Fiscal Cliff Avoided: What it means for Housing and Builders

Fiscal Cliff Avoided: What it Means for Housing and Home Builders

The fiscal cliff, an economically damaging set of tax hikes and spending reductions scheduled to begin in 2013, has been avoided (for now) and that is good news for housing  in the short-run.

The enactment of H.R. 8, the American Taxpayer Relief Act of 2012, will extend permanently most, but not all, of the 2001/2003 tax cuts. The legislation prevents a fiscal drag of approximately $600 billion in 2013, which would have been large enough to push the current weak economy into recession. That in turn would have reduced demand for both owner-occupied and renter housing and threatened the ongoing recovery for home building.

That outcome has been prevented, although future fiscal policy debates loom on the horizon. For example, a legislative fight over the debt ceiling and the delayed sequester will take place in February. And 2013 may be a year in which comprehensive tax reform is under legislative consideration.

But for now, the following items in H.R. 8 are of interest to housing and home builders:

Business Tax Items

  • Permanently extends the 2001/2003 tax rates for adjusted gross income levels under $450,000 ($400,000 single); good for small business and home builders, 80% of whom are pass-thru entities who pay taxes on the individual side of the code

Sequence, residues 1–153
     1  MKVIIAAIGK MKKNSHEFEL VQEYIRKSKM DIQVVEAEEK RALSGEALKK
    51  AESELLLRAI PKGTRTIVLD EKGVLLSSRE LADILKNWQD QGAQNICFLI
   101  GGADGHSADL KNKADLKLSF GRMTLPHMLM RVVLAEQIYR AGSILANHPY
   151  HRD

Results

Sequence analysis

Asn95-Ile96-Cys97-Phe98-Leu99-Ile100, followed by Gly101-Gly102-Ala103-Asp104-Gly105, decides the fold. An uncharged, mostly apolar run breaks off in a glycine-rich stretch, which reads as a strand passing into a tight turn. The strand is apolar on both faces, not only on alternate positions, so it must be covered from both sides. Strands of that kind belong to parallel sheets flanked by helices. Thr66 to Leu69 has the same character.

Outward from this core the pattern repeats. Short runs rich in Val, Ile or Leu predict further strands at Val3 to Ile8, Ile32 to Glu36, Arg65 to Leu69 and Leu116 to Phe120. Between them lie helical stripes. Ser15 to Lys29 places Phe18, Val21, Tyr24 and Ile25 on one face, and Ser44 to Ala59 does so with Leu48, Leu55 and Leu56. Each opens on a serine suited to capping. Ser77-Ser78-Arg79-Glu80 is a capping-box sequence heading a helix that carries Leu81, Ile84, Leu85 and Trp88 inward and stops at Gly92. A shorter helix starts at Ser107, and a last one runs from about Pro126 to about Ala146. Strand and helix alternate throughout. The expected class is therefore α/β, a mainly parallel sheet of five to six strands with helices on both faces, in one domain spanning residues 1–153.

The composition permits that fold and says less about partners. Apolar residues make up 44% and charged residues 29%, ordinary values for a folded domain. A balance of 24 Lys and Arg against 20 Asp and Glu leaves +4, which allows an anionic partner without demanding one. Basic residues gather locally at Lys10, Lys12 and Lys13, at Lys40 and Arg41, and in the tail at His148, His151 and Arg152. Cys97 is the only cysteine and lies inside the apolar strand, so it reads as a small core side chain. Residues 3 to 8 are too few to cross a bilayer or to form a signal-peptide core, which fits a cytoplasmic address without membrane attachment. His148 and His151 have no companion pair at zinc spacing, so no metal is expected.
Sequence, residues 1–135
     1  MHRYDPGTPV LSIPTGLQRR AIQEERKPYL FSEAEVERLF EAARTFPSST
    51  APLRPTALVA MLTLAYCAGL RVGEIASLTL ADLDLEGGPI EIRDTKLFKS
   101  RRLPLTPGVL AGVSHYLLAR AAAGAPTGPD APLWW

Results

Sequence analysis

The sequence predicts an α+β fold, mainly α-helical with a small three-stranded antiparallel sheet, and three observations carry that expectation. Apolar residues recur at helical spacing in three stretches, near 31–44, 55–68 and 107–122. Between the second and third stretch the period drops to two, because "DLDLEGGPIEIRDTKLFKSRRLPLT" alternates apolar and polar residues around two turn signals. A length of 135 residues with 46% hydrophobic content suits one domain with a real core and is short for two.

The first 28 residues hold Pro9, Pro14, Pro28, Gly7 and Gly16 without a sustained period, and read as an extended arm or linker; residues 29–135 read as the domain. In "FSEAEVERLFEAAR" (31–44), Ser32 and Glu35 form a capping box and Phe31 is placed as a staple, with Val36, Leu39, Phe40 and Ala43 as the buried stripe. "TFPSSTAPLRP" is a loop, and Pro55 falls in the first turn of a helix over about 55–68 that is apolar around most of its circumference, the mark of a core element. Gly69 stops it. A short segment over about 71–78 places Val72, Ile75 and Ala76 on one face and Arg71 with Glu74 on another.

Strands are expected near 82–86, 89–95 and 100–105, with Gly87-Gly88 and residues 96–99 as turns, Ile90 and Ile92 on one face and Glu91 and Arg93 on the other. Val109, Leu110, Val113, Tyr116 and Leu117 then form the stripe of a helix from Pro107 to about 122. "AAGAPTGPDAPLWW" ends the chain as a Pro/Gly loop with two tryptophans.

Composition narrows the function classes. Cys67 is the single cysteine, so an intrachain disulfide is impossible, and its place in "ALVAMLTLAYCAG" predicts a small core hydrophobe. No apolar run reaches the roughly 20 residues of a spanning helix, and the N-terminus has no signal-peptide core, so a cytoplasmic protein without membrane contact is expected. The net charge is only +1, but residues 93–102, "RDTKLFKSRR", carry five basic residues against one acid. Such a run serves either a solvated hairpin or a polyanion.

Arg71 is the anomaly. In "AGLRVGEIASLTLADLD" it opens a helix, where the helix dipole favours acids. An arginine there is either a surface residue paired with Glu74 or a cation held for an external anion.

• Permanently extends the Alternative Minimum patch; again, good for small business owners who are frequently at risk of paying AMT
  • Permanently sets the parameters of the estate tax; positive for family-owned construction firms; codfies the 2010 $5 million exemption amount (indexed to inflation) and a 40% estate tax rate
  • Extends present law section 179 small business expensing through the end of 2013; offers cash flow and administrative cost benefits for small firms
  • Extends the section 45L new energy-efficient home tax credit through the end of 2013; allows a $2,000 tax credit for the construction of for sale and for-lease energy-efficient homes in buildings with fewer than three floors above grade

see the full NAHB article here.